More specifically, analysis of our quantitative data indicated that life drawing was associated with improvements in three separate facets of positive body image, namely body appreciation, body image flexibility, and body pride. This is important because it suggests that these benefits are robust (i.e., they are not dependent on the type of measure of positive body image being used). In addition, we found that participation in the life drawing sessions was also associated with lower scores on self-evaluative salience of the importance of appearance, which Cash and colleagues describe as an excessive or dysfunctional valuation of appearance (e.g., Cash, Jakatdar, & Williams, 2004; Cash, Melnyk et al., 2004; Jakatdar, Cash, & Engle, 2006; Rudiger, Cash, Roehrig, & Thompson, 2007). That is, life drawing may help individuals develop less dysfunctional beliefs about the importance of appearance, although it may not alter attendance to appearance-management behaviours in order to feel attractive. Our results are also noteworthy in demonstrating that the effects of life drawing are limited to positive body image, rather than broader (and related) constructs, such as self-esteem.
Curiously, however, while participants’ scores on the quantitative measures demonstrated clear improvements in positive body image, analysis of responses to the open-ended questions suggested that most participants did not believe that the sessions had any real impact on their body image or well-being. Indeed, only a small minority of participants indicated that had developed greater body pride. A number of explanations may help to explain these discrepant findings. First, taking the data at face value, it is possible that participants were not fully aware of the changes that had taken place in themselves. For example, it may be the case that participants placed a greater importance on behavioural manifestations of positive body image (i.e., “doing” positive body image such as in terms of self-care, rather than “feeling” positive body image such as more positive affect towards one’s body) and, as a result, reported no substantive change in their behaviours when responding to the open-ended questions. Alternatively, the form of the open-ended questions themselves may have limited participant responses: for example, it is possible that participants lacked a clear understanding of the “meaning” of body image (cf. Swami & Knowles, 2013) and, as a consequence, were not able to accurately report on changes.
A further curiosity is that, while most participants felt that the life drawing sessions had not impacted on their own body image, a majority indicated that life drawing could have benefits for others. Indeed, most participants highlighted the usefulness of life drawing in helping people develop more realistic ideas about what bodies actually look like (as opposed to idealised images presented in the media) or in developing greater acceptance of one’s own body despite its imperfections (a key element of the body appreciation construct). This again suggests that participants generally believed that life drawing could have a positive impact on body image, but that the life drawing sessions they attended did not have an effect on themselves. In this sense, participants’ responses may have been shaped by a form of a pessimism bias (Shepperd, Carroll, Grace, & Terry, 2002), where participants underestimated the impact of life drawing on their own body image while either accurately perceiving or overestimating the impact on others. This suggestion is supported by the analysis of participants’ beliefs about the impact that life drawing had on their perceptions of others, where most indicated that they were now more respectful and accepting of others, or that they had a greater appreciation of body diversity.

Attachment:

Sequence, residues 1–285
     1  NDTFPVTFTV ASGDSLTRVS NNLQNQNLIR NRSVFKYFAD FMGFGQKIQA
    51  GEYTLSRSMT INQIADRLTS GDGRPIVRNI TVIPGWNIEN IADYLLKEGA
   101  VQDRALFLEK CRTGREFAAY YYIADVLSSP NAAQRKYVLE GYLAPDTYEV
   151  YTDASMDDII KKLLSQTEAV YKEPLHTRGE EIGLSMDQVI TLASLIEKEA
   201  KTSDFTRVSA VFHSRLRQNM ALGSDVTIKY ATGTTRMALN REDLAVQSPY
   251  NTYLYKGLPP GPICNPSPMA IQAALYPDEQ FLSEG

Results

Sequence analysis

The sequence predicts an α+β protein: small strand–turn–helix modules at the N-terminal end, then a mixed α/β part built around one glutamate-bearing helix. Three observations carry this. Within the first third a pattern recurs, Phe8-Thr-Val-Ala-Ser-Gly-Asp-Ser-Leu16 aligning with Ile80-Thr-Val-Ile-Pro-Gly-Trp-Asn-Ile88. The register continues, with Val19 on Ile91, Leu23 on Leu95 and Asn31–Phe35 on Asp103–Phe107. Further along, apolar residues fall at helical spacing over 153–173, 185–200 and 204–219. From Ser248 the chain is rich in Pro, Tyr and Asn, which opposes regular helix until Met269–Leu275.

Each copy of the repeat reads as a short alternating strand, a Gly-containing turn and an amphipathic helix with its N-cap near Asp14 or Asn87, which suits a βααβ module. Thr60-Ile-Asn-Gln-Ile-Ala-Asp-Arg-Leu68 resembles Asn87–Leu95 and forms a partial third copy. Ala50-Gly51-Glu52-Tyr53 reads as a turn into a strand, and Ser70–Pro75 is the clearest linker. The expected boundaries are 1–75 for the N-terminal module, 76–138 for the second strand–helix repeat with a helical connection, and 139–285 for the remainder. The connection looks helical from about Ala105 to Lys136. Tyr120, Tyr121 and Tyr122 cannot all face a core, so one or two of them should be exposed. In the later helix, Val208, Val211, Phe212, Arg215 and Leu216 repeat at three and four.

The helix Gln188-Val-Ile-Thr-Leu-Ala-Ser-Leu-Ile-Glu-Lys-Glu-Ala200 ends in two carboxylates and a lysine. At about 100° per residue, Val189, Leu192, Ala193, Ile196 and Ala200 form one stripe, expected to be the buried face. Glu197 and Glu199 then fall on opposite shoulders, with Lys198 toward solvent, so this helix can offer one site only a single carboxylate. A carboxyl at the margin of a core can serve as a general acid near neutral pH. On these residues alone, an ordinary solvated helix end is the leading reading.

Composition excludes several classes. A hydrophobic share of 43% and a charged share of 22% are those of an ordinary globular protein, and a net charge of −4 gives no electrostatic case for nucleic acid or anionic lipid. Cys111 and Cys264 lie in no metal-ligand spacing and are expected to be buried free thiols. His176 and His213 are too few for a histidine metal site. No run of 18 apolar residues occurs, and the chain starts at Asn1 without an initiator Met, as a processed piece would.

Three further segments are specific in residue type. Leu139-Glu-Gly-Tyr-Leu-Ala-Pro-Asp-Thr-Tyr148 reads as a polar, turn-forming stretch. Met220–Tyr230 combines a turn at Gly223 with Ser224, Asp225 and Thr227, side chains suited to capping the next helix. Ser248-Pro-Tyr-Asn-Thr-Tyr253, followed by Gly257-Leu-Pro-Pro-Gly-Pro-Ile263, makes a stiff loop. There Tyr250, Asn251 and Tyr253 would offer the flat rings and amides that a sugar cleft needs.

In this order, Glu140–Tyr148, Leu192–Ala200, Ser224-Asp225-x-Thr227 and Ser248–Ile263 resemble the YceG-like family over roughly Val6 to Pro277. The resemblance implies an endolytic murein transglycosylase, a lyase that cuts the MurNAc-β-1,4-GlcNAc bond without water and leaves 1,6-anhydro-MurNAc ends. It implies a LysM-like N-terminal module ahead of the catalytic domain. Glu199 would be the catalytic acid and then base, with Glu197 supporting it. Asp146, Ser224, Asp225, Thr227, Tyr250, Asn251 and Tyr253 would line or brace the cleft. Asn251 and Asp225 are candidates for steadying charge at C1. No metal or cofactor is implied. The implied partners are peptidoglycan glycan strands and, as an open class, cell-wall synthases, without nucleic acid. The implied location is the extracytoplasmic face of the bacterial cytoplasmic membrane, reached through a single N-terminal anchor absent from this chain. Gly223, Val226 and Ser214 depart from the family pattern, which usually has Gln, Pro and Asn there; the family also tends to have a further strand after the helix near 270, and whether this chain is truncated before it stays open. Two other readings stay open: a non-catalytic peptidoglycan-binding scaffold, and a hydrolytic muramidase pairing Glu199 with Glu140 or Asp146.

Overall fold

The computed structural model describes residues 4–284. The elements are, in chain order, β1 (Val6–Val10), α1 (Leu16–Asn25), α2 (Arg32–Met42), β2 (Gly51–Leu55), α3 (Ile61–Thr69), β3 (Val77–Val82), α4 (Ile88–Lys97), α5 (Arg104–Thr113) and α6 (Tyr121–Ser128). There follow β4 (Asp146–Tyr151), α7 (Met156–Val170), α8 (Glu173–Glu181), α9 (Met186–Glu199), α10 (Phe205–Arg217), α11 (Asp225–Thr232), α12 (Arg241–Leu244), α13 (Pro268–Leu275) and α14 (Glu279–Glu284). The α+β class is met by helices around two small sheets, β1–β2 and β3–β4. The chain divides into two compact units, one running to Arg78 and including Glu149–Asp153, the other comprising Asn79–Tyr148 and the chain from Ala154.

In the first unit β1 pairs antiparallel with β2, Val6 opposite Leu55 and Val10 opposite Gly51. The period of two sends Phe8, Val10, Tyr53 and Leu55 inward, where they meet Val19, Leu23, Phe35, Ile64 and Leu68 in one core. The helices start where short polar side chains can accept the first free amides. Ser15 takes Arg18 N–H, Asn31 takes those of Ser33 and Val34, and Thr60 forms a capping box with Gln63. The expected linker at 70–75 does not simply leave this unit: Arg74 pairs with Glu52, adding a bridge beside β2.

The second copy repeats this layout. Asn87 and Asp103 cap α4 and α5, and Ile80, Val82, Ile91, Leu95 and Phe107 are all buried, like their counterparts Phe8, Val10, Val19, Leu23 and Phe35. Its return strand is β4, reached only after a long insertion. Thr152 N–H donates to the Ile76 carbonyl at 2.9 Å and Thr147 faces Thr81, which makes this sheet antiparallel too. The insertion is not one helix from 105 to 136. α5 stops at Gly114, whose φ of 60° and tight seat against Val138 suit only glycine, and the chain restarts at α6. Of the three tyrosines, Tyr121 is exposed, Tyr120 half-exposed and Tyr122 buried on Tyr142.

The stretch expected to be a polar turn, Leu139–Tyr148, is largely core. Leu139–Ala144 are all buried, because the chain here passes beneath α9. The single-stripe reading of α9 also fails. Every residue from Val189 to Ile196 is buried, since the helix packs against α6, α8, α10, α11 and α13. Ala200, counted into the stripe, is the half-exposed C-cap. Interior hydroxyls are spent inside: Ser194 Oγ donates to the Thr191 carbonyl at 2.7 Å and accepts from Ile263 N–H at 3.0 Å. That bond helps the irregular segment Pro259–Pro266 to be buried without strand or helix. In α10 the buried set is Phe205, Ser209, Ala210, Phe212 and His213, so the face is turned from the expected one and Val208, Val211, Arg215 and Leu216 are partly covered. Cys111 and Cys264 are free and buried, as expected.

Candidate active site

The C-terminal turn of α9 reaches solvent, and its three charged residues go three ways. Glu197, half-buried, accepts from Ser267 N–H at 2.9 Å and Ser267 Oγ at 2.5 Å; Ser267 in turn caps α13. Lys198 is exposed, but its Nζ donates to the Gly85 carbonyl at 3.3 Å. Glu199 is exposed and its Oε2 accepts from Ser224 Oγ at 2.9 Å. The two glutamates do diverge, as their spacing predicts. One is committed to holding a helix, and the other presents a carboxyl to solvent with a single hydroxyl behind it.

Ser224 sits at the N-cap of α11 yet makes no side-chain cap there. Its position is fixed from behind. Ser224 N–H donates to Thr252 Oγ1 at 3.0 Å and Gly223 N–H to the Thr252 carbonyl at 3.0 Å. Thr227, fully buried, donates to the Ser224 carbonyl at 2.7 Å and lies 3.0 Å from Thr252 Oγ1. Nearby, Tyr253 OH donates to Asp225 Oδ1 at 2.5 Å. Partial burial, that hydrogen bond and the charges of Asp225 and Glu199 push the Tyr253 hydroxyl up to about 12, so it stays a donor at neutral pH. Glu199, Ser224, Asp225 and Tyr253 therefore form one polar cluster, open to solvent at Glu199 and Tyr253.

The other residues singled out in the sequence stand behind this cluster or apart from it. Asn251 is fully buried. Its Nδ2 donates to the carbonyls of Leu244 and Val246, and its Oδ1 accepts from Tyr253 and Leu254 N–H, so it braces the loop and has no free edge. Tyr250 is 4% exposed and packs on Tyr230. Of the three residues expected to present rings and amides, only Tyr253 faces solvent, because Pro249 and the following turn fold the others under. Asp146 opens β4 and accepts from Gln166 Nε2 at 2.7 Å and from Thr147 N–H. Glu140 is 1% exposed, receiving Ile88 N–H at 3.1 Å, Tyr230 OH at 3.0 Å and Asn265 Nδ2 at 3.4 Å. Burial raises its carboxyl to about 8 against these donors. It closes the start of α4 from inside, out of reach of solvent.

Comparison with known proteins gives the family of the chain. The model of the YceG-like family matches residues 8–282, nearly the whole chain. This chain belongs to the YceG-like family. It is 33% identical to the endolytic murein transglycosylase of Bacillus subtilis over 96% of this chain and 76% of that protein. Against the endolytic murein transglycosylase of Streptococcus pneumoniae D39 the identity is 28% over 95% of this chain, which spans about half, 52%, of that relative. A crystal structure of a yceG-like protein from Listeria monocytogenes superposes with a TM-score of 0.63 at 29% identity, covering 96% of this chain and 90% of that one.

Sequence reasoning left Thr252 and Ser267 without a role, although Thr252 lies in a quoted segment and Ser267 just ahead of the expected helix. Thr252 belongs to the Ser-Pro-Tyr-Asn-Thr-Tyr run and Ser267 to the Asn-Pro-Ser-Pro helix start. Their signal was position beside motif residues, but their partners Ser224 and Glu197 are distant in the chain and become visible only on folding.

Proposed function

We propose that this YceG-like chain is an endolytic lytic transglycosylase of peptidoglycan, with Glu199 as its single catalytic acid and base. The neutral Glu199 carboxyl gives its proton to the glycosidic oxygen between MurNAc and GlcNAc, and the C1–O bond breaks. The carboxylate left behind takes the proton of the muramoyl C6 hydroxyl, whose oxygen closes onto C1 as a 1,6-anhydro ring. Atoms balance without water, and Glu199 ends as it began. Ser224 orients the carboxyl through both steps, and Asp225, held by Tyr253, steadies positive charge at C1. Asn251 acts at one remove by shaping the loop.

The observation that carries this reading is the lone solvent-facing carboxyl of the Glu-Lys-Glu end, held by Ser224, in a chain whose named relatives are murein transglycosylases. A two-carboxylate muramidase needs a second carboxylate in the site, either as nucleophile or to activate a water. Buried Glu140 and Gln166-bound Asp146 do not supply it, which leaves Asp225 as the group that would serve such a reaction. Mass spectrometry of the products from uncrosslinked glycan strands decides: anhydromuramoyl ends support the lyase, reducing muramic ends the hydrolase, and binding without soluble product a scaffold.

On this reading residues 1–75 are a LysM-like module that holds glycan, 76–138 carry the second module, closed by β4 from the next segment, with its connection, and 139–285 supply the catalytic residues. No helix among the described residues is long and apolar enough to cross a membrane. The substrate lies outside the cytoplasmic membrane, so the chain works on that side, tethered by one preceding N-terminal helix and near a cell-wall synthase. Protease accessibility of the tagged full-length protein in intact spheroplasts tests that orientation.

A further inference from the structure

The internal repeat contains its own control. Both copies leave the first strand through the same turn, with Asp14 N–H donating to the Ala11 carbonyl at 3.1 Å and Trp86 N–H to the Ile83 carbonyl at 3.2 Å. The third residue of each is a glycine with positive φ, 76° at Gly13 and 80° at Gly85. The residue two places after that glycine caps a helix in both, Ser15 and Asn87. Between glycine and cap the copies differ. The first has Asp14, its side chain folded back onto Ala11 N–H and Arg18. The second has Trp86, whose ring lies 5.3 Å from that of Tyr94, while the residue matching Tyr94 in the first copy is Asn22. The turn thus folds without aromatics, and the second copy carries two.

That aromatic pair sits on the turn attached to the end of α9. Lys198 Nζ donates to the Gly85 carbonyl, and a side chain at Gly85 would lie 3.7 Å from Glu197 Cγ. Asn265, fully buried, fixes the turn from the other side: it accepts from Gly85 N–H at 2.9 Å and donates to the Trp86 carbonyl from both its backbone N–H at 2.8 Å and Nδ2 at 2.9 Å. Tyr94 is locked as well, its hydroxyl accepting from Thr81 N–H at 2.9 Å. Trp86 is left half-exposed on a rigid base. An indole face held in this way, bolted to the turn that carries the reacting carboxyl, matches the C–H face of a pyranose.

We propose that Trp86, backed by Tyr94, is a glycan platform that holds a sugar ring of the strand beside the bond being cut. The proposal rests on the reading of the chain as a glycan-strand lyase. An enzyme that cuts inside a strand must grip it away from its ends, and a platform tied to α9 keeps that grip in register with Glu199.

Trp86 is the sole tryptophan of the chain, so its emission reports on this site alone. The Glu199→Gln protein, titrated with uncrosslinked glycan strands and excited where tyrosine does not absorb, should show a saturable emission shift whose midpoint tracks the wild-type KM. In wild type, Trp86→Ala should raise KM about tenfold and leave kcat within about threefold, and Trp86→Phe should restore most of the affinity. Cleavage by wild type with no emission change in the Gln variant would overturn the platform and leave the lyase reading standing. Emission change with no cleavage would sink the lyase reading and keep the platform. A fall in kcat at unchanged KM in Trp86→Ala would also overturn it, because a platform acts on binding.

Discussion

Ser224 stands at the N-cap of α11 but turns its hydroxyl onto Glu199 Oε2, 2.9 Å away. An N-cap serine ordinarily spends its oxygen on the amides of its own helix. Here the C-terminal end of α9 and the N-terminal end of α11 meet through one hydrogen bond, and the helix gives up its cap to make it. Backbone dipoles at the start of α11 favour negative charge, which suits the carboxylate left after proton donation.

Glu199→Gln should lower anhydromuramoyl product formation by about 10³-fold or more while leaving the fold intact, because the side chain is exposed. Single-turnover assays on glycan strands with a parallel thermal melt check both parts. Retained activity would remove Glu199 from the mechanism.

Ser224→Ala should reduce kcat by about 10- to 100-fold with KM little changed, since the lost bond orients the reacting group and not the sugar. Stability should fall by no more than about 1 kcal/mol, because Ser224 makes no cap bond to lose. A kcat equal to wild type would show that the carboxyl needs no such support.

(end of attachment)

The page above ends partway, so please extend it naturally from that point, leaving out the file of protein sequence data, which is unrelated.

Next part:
Responses to the open-ended questions highlight an additional possible explanation for the above discrepancies. When asked to indicate what they enjoyed about the sessions, all participants emphasised the opportunity to develop their skills and technique as artists. Thus, it may be that participants were focused on this element of self-improvement (i.e., they were more focused on functional changes as opposed to experiential changes). A further important point is that, although some participants valued the opportunity to take part in a new experience, a majority also expressed discomfort at seeing nudity. As one participant put it, “The whole naked part – even though I knew what was going to happen, it was hard not to react”. Some participants also expressed discomfort not at the nudity per se, but at what they perceived as “compromising” postures by the models or because they felt sympathetic towards the models having to hold postures. These findings corroborate those of Stanhope (2013), who suggested that adolescents taking part in life drawing may experience anxiety and discomfort at seeing adult nudity, and that it may be difficult for adolescents to move beyond the nakedness of the model. The group setting may be an important consideration here: while some participants suggested that participating in life drawing with known others encouraged distracting, improper behaviour, others suggested that being able to participate with friends helped to alleviate some of their discomfort.